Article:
The Pacific Games, however, are but a small drop in the ocean when it comes to the influence China is exerting in the region. It was reported last year that 11 Pacific island nations collectively owe China US$1.3 billion in loans, with Samoa considered one of those most indebted.

Tonga’s Prime Minister ‘Akilisi Pohiva last year called for Pacific nations to join forces to seek debt relief from China. The official had warned that buildings could potentially be seized should they prove unable to pay. He later retracted his comments and welcomed China’s ongoing support.

Former Fijian Prime Minister Sitiveni Rabuka has also admitted he thought his country had over-committed to Chinese aid, although Samoa’s Prime Minister Tuilaepa Aiono Sailele Malielegaoi has defended the country’s support and has been optimistic about inviting President Xi Jinping to his nation this year.

China has insisted that they are merely supporting development in the region.

However, it has not prevented suggestions the country could be attempting to persuade Pacific nations to relinquish their recognition of Taiwan, which is still claimed by Beijing.

The Solomon Islands are one of those who do recognize Taiwan. It was confirmed earlier this week that their new national stadium for the 2023 Pacific Games will be constructed by a Taiwanese company, with Taiwan the first to offer support for their hosting of the event.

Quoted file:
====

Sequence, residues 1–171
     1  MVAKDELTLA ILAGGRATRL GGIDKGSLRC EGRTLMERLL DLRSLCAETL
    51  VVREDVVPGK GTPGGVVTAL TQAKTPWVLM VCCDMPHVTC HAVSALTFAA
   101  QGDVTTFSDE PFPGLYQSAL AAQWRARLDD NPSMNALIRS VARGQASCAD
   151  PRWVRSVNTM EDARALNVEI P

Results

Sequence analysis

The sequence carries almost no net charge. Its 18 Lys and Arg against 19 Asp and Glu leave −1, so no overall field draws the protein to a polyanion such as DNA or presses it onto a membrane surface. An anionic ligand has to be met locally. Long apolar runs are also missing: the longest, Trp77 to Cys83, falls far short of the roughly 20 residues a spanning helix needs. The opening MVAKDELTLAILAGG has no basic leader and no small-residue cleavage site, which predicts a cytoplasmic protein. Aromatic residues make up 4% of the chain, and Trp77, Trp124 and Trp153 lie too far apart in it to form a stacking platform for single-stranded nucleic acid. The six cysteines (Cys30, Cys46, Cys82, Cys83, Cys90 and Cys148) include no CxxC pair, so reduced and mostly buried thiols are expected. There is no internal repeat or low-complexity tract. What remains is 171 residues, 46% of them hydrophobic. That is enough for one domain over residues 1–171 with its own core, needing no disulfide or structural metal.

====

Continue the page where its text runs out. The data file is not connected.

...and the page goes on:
There are also concerns that China may seek access to airports and ports, following the port of Hambantota being leased to a Chinese company to help reduce Sri Lankan debt.

Regardless of China’s intentions, their influence has led to a response from Australia and New Zealand, viewed as the traditional powers in the region.

Local observers here have suggested there has been a notable step-up in efforts from the two nations with their Pacific island neighbours.

It was notable that Australia’s recently-appointed Minister of Sport Richard Colbeck was present at a pre-Pacific Games event before attending the Opening Ceremony the following day.

Just as China’s influence here has been visible through sport, so is Australia’s response.

The Australian Government outlined a Sports Diplomacy 2030 strategy back in March, building on a foreign policy white paper which concluded: “In the decades ahead Australia will have to work harder to sustain our influence and secure our interests.”